safe and nutritious food to meet their dietary needs and food preferences for an active and healthy life. g. regional and global levels [is achieved] when all people. household. at all times. physical access. at the individual. Food security initiatives therefore incorporate elements of enhanced food availability (e.g. agriculture production. and economic development all are connected to a comprehensive approach for reducing food insecurity. gender. Water. national. imports. and hygiene initiatives that address issues of health. elements of increased income. sanitation. education. have physical and economic access to sufficient. health. distribution of food within the household). The figure on the next page details some of these relationships. utilization of food (e. behavior change.g.Mercy Corps – WASH Guidelines VI. 19 Chapter 2 WASH Links to Poverty Reduction . water and sanitation programs to reduce disease and malnutrition) and reduction in vulnerability and risk to future insecurity. aid). It is also often referred to using the USAID 1992 definition and recent 2008 framework: When all people at all times have both physical and economic access to sufficient food to meet their dietary needs for a productive and healthy life. access to food (e. The Food Security Dimension The most commonly referenced and agreed upon definition comes from the 1996 World Food Summit: Food security.

Mercy Corps – WASH Guidelines Figure 6 20 Chapter 2 WASH Links to Poverty Reduction .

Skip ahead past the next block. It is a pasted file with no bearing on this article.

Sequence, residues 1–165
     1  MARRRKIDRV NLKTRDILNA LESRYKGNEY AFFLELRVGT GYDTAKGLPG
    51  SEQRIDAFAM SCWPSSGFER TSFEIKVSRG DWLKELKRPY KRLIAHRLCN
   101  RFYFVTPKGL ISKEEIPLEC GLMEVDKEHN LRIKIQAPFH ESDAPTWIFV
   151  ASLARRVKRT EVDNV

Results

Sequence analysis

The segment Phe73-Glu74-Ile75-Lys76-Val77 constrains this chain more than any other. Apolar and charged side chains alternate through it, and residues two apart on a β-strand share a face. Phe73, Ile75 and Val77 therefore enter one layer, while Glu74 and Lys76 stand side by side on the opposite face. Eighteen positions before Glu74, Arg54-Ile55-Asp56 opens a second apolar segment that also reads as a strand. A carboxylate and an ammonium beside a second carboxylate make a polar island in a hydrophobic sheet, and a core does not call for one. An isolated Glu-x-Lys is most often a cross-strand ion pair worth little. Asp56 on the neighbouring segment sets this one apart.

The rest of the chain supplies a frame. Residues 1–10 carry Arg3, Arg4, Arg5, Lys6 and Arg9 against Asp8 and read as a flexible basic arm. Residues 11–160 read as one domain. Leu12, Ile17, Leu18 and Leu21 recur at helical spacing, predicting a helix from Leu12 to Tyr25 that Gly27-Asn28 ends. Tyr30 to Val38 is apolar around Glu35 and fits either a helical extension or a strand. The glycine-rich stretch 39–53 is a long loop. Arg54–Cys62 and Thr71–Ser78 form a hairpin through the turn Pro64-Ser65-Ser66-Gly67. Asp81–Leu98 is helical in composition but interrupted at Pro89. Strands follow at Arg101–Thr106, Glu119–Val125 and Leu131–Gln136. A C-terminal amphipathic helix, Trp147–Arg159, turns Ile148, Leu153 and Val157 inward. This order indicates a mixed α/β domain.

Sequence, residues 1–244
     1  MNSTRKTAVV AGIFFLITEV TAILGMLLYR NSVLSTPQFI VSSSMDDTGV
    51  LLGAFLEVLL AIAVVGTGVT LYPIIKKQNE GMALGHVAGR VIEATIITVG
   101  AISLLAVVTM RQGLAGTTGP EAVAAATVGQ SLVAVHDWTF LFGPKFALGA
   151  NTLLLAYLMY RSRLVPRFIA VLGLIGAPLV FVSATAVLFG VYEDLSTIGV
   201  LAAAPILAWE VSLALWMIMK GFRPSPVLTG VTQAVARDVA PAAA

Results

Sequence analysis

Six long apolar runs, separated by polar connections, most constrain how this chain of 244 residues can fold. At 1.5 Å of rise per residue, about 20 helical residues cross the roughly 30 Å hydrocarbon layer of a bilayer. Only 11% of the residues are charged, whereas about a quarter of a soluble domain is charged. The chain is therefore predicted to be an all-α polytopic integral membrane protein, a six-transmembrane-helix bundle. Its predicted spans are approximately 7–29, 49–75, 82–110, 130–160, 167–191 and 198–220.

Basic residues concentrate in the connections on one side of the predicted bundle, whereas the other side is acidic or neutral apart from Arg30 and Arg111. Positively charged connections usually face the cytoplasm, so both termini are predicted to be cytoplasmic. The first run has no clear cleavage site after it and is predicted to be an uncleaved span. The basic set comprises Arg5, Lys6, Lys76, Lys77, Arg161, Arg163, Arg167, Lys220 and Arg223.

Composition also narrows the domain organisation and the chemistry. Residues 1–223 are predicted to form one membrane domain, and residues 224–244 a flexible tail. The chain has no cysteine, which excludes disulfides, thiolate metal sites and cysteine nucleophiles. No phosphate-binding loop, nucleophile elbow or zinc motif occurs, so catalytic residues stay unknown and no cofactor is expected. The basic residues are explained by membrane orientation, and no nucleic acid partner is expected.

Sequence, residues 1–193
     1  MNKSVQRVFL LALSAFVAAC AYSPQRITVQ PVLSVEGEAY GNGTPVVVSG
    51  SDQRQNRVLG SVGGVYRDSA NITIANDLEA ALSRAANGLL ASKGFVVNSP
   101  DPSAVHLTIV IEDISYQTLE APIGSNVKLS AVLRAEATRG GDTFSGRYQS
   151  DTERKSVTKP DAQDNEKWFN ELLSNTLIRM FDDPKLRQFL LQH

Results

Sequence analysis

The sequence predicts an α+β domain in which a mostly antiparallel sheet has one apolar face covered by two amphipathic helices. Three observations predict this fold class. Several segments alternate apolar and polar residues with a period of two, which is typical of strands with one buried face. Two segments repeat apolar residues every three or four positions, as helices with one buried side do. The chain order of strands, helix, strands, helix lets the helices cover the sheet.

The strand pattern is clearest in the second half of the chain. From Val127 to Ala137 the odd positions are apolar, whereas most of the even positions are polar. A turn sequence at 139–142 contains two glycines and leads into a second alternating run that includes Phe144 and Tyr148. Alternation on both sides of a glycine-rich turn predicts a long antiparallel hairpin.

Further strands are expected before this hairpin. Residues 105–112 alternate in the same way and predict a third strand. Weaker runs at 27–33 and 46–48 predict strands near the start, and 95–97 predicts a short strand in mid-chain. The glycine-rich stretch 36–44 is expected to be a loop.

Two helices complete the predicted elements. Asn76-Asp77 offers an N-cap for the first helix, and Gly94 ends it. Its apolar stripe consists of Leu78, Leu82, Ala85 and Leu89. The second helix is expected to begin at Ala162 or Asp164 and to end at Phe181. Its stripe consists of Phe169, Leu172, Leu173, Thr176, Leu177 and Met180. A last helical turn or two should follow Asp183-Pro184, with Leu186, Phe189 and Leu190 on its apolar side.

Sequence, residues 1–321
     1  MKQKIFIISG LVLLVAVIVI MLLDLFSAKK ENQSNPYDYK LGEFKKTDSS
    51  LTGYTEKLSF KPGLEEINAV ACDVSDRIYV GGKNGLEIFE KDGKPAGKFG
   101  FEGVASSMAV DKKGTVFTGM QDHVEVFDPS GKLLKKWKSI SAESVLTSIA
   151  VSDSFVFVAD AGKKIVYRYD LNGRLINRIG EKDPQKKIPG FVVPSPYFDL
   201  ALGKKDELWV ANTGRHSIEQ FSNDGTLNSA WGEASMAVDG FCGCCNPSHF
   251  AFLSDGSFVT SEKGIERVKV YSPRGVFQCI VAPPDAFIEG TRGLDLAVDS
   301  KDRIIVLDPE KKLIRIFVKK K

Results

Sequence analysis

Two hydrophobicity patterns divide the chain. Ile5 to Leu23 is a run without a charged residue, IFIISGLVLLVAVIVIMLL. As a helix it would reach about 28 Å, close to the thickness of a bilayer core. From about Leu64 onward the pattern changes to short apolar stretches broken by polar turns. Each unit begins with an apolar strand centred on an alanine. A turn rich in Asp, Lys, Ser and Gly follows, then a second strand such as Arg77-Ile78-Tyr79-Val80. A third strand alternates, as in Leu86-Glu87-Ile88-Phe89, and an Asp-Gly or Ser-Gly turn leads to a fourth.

Overall. Activities and Indicators . 29 Rajalahti. Agriculture and Rural Development I. The conclusions of this analysis are then integrated into the program design. Well formulated objectives should be concise and measurable. 4. Stakeholder analysis: This involves the identification of all stakeholder groups likely to be affected (either positively or negatively) by the proposed intervention. “Monitoring and evaluation for World Bank Agricultural research and extension projects: a good practice note”. Objectives. potentials. In order to fully understand those needs and demands. R. Activities and Indicators Mercy Corps WASH interventions focus on solving issues of availability of water and sanitation. major activities and key outputs). 2. the identification and analysis of their interests. problems. Problem analysis: Sometimes this analysis is presented in a problem tree. Objectives. 3. as well as incorporate the following questions:29 • Who are the direct beneficiaries? • What problem or which problems have been solved for the direct beneficiaries after finalisation of the program? • What will the direct beneficiaries do differently after the program. The findings from such an analysis generally lead to the beginning of a full planning process. et al (2005). Objectives illustrate the change for the direct beneficiaries and have to be discussed and agreed upon before the different program components can be determined. etc. Washington DC.Mercy Corps – WASH Guidelines CHAPTER 3: WASH Program Goals. access to these services and correct utilization of those services. Analysis of the strategies to achieve those improvements (analysis of proposed inputs. USA 21 Chapter 3 WASH Goals. an accurate analysis of the existing situation is needed as well as a vision of a desired future situation. Discussion Paper 20. Such analysis demands four components: 1. a well planned program addresses the real needs and demands of the beneficiaries. The International Bank for Reconstruction and Development & The World Bank. Sometimes this analysis is presented in an objective tree. Commonly used goals for development projects: • Poverty reduction • Environmental sustainability • Improved health • Human development • Equitable income growth Box 3 The objectives are the center of any program planning and should be defined and agreed upon first. Objective analysis: This involves making an analysis of the proposed improvements and future desired benefits to which the beneficiaries and target groups attach priority.